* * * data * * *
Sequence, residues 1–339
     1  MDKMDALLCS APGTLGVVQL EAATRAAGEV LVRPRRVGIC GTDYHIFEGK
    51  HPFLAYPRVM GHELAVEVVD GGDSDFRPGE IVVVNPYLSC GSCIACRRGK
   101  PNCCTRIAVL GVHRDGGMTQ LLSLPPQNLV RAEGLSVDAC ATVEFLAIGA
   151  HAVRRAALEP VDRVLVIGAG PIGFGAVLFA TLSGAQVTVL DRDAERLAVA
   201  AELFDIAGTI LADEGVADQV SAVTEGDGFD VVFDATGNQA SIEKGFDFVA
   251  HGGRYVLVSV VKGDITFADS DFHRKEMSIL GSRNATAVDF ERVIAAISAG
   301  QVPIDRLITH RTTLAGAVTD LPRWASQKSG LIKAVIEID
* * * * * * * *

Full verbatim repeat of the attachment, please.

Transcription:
Sequence, residues 1–339
     1  MDKMDALLCS APGTLGVVQL EAATRAAGEV LVRPRRVGIC GTDYHIFEGK
    51  HPFLAYPRVM GHELAVEVVD GGDSDFRPGE IVVVNPYLSC GSCIACRRGK
   101  PNCCTRIAVL GVHRDGGMTQ LLSLPPQNLV RAEGLSVDAC ATVEFLAIGA
   151  HAVRRAALEP VDRVLVIGAG PIGFGAVLFA TLSGAQVTVL DRDAERLAVA
   201  AELFDIAGTI LADEGVADQV SAVTEGDGFD VVFDATGNQA SIEKGFDFVA
   251  HGGRYVLVSV VKGDITFADS DFHRKEMSIL GSRNATAVDF ERVIAAISAG
   301  QVPIDRLITH RTTLAGAVTD LPRWASQKSG LIKAVIEID